Public discourse surrounding these events is dominated by questions of justice and fairness: how to balance competing imperatives of protecting individual lives against risk of spreading contagion; how best to allocate scarce resources like intensive care beds or mechanical ventilators. The conceptual tools of clinical ethics are well tailored to these sorts of questions: the rights of the individual versus the community, issues of distributive justice—these are familiar to anyone with even a passing acquaintance with its canonical debates.

What biomedical ethics has remained largely silent on is how we have been left to confront these decisions. How human activity has eroded Earth’s life support systems to make the ‘unprecedented’ the new normal. A medical ethic fit for the Anthropocene—our (still tentative) geological epoch defined by human influence on natural systems—must be able not just to react to the consequences of our exploitation of the natural world, but reimagine our relationship with it.

Those reimaginations already exist, if we know where to look for them. The ‘Land Ethic’ of the US conservationist Aldo Leopold offers one such vision.i Developed over decades of experience working in and teaching land management, the Land Ethic is most famously formulated in an essay of the same name published shortly before Leopold’s death fighting a wildfire on a neighbour’s farm. It begins with a reinterpretation of the ethical relationship between humanity and the ‘land community’, the ecosystems we live within and depend upon; moving us from ‘conqueror’ to ‘plain member and citizen’ of that community1 (p 204). Land ceases to be a resource to be exploited for human need once we view ourselves as part of, and only existing within, the land community. Our moral evaluations shift consonantly:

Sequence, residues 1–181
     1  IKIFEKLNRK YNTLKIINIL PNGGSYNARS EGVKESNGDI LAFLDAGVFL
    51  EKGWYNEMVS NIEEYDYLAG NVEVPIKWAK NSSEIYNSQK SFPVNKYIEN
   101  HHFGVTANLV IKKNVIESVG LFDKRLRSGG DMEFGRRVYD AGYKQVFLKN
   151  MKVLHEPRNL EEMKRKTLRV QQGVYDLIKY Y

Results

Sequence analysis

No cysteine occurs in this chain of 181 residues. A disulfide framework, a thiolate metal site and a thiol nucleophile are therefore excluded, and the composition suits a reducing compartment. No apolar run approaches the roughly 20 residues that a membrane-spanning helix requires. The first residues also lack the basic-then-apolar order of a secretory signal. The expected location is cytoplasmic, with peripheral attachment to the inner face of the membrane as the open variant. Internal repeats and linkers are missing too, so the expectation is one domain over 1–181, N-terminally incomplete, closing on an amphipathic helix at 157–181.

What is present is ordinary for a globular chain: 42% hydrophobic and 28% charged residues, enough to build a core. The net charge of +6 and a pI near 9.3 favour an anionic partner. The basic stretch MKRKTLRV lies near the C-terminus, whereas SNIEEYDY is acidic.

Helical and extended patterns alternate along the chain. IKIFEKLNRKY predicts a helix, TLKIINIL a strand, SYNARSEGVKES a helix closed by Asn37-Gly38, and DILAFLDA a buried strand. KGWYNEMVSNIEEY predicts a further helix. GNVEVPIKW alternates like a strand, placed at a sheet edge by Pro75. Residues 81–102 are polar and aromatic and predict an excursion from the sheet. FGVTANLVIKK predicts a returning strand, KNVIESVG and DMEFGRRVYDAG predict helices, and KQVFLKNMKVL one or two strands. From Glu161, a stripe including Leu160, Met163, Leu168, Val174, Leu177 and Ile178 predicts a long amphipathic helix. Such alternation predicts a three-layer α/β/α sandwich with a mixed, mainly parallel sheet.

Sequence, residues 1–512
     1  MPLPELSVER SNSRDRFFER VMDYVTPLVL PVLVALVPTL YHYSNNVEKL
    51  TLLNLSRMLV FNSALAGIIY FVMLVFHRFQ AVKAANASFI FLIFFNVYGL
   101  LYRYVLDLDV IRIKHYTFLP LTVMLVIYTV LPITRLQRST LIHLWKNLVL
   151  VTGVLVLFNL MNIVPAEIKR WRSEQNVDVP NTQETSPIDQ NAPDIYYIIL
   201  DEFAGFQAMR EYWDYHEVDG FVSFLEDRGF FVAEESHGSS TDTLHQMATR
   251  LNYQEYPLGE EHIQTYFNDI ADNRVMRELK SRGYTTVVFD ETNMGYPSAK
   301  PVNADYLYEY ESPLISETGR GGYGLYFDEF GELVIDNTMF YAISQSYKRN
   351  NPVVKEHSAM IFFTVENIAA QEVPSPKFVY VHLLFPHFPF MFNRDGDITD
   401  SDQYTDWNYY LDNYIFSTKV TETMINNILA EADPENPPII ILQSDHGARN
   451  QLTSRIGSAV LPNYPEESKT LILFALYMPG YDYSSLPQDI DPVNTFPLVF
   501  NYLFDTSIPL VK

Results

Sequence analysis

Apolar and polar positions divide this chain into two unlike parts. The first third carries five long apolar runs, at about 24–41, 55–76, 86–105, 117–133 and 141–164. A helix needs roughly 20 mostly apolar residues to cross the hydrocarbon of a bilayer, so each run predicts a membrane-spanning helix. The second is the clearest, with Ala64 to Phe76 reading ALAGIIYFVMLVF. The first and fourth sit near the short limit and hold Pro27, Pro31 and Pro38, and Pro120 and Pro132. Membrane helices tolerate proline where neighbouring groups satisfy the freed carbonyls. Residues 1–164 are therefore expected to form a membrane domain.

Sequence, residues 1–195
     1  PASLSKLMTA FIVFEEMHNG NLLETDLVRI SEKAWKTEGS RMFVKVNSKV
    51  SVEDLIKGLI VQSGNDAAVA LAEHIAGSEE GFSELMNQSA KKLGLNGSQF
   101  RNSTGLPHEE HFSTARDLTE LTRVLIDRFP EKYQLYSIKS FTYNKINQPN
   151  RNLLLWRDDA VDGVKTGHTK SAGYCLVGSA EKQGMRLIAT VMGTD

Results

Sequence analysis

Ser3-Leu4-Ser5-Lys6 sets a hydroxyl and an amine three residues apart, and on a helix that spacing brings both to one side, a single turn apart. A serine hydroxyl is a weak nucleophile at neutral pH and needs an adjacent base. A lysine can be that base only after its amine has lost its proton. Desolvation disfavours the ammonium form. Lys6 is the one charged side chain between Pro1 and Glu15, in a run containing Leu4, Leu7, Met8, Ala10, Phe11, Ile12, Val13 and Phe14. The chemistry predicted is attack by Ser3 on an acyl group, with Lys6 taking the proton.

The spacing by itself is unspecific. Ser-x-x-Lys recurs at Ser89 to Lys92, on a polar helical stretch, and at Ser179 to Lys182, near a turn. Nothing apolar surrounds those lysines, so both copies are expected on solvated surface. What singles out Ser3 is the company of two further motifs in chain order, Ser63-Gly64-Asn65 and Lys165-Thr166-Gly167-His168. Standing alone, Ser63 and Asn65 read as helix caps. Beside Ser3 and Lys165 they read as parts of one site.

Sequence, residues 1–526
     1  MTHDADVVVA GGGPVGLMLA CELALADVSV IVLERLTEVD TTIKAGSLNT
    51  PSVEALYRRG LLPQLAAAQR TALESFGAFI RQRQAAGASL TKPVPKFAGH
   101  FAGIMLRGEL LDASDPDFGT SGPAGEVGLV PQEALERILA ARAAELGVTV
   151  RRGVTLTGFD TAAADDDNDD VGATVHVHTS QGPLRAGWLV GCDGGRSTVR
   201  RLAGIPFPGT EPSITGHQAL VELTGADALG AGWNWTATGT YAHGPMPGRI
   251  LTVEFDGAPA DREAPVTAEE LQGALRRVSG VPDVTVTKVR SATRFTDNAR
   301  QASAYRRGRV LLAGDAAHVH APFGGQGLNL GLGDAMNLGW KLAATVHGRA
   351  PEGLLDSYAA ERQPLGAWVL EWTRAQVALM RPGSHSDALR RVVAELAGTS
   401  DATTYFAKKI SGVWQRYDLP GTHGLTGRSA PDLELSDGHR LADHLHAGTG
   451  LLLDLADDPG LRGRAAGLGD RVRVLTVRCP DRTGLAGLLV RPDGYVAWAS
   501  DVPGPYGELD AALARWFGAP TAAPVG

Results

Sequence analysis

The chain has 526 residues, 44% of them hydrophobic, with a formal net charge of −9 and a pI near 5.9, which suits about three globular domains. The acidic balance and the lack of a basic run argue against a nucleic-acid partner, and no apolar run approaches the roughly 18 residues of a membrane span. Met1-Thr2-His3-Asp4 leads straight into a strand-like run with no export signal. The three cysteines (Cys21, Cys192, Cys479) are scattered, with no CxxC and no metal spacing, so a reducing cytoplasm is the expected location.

A thing is right when it tends to preserve the integrity, stability, and beauty of the biotic community. It is wrong when it tends otherwise.1 (pp 224–225)

The justice of the Land Ethic questions many presuppositions of biomedical ethics. By valuing the community in itself—in a way irreducible to the welfare of its members—it steps away from the individualism axiomatic in contemporary bioethics.2 Viewing ourselves as citizens of the land community also extends the moral horizons of healthcare from a solely human focus, taking seriously the interests of the non-human members of that community. Taking into account the ‘stability’ of the community requires intergenerational justice—that we consider those affected by our actions now, and their implications for future generations.3 The resulting vision of justice in healthcare—one that takes climate and environmental justice seriously—could offer health workers an ethic fit for the future, demonstrating ways in which practice must change to do justice to patients, public and planet—now and in years to come.